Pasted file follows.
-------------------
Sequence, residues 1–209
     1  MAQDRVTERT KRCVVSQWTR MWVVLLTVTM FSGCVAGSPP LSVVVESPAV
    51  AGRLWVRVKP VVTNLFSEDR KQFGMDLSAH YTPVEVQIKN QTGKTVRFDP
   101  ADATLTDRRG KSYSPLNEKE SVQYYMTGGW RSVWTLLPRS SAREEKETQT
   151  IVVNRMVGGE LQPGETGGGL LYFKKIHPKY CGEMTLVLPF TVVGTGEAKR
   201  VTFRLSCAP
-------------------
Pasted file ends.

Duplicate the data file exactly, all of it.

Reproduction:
Sequence, residues 1–209
     1  MAQDRVTERT KRCVVSQWTR MWVVLLTVTM FSGCVAGSPP LSVVVESPAV
    51  AGRLWVRVKP VVTNLFSEDR KQFGMDLSAH YTPVEVQIKN QTGKTVRFDP
   101  ADATLTDRRG KSYSPLNEKE SVQYYMTGGW RSVWTLLPRS SAREEKETQT
   151  IVVNRMVGGE LQPGETGGGL LYFKKIHPKY CGEMTLVLPF TVVGTGEAKR
   201  VTFRLSCAP